Every year as the NFL trade deadline nears, we speculate about player trades. And every year, the trade deadline comes and goes with almost no action.

To many, it seems odd that the NFL has not embraced trades the way other leagues have. Bad teams in other sports become sellers, and the trade deadline presents an option for teams to get out of bad contracts or receive something in return for players who may not be in their future plans.

The NFL trade deadline, which this year is Tuesday at 4 p.m. ET, would seem to be a perfect opportunity for teams to acquire draft picks. But there are certain reasons why the NFL finds it difficult to trade players.

The standard NFL contract in general is not conducive to trading in the salary cap world of football. Most teams follow a standard protocol when it comes to negotiating a contract structure. A player often receive a signing bonus when he agrees to a contract. The signing bonus is a large payment, often a percentage of the total contract value. For accounting purposes, the maximum amount that counts on the cap in a given season is one-fifth of the bonus, so it allows teams to prorate the costs and lessen the salary cap impact of a contract. These bonuses can be as large as $30 million for a superstar quarterback and around $10 million for a decent starter at other positions.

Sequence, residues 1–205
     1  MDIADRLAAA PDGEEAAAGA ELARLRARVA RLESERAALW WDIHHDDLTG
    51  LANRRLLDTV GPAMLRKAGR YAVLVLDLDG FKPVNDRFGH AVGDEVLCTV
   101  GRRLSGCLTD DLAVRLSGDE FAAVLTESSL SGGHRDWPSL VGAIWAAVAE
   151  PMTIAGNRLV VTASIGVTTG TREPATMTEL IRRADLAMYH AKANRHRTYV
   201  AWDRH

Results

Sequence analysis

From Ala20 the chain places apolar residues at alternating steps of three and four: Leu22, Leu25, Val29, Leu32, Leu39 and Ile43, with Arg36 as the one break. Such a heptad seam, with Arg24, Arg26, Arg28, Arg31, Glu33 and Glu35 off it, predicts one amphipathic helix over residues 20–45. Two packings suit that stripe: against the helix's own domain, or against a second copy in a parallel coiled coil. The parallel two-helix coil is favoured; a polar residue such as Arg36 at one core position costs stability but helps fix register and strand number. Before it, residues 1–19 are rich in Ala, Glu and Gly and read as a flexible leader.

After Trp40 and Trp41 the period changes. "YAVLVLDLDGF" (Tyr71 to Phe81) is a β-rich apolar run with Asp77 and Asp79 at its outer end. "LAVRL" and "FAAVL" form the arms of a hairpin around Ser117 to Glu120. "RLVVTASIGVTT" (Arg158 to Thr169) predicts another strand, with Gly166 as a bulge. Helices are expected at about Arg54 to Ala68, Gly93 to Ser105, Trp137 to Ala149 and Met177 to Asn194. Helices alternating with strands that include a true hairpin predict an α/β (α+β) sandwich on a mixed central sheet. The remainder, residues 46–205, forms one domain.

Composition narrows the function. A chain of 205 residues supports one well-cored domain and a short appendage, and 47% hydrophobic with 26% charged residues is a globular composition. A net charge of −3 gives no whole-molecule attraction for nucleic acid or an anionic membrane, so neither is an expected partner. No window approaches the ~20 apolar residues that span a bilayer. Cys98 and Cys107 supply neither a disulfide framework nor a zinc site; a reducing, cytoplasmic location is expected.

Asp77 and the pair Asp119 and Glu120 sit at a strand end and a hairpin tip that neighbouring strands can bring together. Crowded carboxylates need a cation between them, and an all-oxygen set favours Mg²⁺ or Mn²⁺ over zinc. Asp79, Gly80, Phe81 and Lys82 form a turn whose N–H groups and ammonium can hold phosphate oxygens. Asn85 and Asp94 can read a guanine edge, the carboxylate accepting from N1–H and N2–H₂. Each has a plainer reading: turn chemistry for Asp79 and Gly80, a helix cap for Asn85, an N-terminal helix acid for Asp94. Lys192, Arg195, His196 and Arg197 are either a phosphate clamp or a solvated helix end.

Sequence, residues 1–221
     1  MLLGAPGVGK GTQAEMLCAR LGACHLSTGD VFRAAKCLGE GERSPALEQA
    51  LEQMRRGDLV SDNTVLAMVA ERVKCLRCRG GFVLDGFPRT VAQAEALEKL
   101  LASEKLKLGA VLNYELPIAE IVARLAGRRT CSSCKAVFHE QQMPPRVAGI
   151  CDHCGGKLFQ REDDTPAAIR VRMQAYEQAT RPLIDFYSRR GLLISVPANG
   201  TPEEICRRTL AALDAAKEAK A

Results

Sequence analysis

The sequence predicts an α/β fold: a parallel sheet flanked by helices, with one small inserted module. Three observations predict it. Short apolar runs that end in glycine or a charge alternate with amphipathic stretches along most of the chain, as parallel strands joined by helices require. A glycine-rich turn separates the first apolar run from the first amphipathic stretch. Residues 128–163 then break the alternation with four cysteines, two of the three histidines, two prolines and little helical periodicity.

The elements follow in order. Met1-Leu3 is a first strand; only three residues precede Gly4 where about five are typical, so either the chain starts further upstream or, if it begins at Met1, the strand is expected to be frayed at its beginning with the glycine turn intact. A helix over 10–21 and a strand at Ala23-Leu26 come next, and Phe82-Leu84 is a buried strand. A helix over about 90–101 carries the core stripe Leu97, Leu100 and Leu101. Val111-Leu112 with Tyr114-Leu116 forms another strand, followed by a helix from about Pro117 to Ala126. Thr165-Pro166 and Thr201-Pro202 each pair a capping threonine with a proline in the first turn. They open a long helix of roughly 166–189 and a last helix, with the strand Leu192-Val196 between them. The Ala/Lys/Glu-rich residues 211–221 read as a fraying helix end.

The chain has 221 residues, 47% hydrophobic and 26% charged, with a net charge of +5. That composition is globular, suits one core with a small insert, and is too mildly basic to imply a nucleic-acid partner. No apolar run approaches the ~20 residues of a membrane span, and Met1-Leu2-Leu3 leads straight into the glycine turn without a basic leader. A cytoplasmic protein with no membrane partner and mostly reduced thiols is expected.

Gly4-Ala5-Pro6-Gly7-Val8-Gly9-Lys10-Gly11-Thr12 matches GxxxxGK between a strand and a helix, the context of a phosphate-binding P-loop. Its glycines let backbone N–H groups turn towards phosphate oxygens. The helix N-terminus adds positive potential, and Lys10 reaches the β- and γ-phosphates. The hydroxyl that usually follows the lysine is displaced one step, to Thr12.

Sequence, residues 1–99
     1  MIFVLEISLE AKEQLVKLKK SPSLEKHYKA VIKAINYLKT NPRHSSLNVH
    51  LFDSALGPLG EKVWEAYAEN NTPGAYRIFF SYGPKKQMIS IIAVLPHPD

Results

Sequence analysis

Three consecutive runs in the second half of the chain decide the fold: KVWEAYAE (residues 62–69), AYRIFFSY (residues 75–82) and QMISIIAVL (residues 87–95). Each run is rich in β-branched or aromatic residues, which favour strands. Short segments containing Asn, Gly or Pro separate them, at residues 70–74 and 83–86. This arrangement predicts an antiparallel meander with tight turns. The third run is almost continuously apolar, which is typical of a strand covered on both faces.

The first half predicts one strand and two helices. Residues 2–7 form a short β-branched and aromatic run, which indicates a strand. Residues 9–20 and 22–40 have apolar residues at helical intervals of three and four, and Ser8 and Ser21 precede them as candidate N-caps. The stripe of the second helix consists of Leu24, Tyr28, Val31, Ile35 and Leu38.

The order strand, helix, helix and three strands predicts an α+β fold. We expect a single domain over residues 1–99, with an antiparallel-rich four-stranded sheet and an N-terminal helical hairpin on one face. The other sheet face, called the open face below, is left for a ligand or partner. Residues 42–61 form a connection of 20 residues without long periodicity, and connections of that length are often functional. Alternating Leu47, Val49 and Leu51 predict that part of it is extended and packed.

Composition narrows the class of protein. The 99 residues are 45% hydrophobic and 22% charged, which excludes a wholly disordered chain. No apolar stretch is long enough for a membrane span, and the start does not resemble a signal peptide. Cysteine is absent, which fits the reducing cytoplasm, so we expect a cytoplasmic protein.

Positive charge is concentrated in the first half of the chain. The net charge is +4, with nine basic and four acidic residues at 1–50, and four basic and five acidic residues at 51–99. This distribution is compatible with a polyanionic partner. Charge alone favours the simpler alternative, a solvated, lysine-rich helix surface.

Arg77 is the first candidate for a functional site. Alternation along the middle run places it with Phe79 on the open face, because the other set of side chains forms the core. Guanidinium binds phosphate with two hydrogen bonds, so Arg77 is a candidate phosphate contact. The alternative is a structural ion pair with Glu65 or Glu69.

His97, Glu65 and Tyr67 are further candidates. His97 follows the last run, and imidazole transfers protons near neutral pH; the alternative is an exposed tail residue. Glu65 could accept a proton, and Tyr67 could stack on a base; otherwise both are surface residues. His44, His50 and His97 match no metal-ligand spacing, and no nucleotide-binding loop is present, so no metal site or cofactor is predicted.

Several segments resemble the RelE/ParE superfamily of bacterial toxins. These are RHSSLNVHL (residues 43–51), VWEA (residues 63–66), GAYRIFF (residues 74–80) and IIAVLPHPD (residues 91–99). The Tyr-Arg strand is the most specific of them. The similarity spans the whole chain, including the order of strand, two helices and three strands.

In terms of salary cap impact, a trade is essentially the same as releasing a player. If a player is traded at the deadline, all future prorated money will accelerate into the next season. For some teams, that takes certain players off the table if their signing bonuses and other prorated bonuses were large. In general, if a player’s dead money charge in a given year will prevent them from being released the following year, it will also prevent them from being traded during the given season.

The signing bonus also presents a major psychological barrier to trading. The “sunk cost trap” is something we all fall into in our daily lives. If you feel you already paid a large amount of money for something that no longer does the job you expected, you still try to fix it and make it work because you paid so much. Imagine paying somebody $20 million in a given year for a five-year contract and by the next year sending the balance of that contract to another team. In essence, you are handing that team $16 million of your money in return for a third-round pick. A general manager looks bad in that scenario.